- We believe that the federal government is responsible and obligated to give every man employment or a guaranteed income. We believe that if the White American business men will not give full employment, the means of production should be taken from the businessmen and placed in the community so that the people of the community can organize and employ all of its people and give a high standard of living.
- We believe that this racist government has robbed us and now we are demanding the overdue debt of forty acres and two mules. Forty acres and two mules was promised 100 years ago as redistribution for slave labor and mass murder of Black people. We will accept the payment in currency which will be distributed to our many communities: the Germans are now aiding the Jews in Israel for genocide of the Jewish people. The Germans murdered 6,000,000 Jews. The American racist has taken part in the slaughter of over 50,000,000 Black people; therefore, we feel that this is a modest demand that we make.
- We believe that if the White landlords will not give decent housing to our Black community, then the housing and the land should be made into cooperatives so that our community, with government aid, can build and make a decent housing for its people.
- We believe in an educational system that will give our people a knowledge of self. If a man does not have knowledge of himself and his position in society and the world, then he has little chance to relate to anything else.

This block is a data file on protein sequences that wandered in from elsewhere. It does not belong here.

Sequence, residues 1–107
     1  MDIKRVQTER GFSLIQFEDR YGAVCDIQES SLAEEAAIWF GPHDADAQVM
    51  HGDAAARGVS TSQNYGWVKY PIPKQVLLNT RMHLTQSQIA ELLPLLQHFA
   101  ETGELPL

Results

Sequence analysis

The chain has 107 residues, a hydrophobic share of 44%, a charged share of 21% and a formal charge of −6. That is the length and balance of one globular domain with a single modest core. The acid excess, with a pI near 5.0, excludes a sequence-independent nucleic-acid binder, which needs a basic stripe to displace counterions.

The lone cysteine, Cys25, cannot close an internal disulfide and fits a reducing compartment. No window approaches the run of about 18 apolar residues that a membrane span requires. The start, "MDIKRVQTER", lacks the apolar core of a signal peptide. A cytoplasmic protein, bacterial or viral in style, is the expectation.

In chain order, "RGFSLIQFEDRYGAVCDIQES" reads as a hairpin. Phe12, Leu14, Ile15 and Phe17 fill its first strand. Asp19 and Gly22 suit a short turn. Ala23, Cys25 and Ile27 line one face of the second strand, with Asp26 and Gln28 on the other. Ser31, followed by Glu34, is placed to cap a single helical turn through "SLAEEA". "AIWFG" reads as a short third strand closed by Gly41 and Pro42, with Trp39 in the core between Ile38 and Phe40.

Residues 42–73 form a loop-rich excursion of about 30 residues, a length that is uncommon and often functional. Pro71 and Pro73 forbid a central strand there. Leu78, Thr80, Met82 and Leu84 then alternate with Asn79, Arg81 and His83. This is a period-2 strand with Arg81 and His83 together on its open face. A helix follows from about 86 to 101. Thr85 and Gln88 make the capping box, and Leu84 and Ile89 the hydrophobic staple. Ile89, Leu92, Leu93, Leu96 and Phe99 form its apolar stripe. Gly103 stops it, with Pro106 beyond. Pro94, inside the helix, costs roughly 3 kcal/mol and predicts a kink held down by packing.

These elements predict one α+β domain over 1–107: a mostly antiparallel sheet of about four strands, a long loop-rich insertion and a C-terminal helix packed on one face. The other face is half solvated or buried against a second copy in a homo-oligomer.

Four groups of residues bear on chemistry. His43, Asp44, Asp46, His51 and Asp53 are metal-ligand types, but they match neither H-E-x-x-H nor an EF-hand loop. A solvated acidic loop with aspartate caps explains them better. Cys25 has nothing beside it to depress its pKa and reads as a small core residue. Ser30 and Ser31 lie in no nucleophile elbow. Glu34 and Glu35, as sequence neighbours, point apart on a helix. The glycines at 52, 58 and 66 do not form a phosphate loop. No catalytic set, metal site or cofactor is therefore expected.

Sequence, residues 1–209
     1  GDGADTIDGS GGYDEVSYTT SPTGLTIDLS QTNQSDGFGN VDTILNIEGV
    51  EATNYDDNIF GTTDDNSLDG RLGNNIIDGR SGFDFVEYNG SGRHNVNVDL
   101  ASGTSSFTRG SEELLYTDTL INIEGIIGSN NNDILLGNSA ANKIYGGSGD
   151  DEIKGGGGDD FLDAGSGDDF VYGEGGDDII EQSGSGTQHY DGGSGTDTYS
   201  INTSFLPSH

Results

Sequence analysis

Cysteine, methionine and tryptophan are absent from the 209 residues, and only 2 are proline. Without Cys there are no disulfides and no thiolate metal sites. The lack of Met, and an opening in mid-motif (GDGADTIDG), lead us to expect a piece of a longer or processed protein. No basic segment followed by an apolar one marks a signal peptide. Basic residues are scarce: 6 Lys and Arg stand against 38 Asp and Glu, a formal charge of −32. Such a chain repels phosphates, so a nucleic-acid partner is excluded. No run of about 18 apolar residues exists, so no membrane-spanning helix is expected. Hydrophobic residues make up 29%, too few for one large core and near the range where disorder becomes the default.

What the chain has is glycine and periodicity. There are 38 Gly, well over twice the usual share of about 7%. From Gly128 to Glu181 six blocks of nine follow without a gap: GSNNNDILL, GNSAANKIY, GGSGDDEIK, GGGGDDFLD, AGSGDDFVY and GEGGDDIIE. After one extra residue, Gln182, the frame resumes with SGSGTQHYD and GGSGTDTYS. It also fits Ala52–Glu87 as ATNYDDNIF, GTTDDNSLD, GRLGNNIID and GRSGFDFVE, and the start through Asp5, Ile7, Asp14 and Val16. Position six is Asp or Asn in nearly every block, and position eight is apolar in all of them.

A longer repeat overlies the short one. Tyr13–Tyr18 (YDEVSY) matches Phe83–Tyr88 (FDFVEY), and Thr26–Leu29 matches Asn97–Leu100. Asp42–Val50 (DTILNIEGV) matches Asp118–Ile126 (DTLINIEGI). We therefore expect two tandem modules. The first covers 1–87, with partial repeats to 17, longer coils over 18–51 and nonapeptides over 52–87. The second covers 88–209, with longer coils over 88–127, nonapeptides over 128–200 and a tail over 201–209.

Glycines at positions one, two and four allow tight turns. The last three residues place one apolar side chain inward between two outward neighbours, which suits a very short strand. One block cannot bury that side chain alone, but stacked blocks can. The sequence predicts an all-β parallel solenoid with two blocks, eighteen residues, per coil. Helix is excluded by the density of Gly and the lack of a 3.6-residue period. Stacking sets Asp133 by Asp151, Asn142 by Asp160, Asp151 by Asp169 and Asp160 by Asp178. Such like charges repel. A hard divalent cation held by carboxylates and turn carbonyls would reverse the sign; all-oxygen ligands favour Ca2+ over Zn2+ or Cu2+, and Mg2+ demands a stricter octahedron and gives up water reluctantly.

- We believe that Black people should not be forced to fight in the military service to defend a racist government that does not protect us. We will not fight and kill other people of color in the world who, like Black people, are being victimized by the White racist government of America. We will protect ourselves from the force and violence of the racist police and the racist military, by whatever means necessary.
- We believe we can end police brutality in our Black community by organizing Black self-defense groups that are dedicated to defending our Black community from racist police oppression and brutality. The second Amendment of the Constitution of the United States gives us the right to bear arms. We therefore believe that all Black people should arm themselves for self-defense.
- We believe that all Black people should be released from the many jails and prisons because they have not received a fair and impartial trial.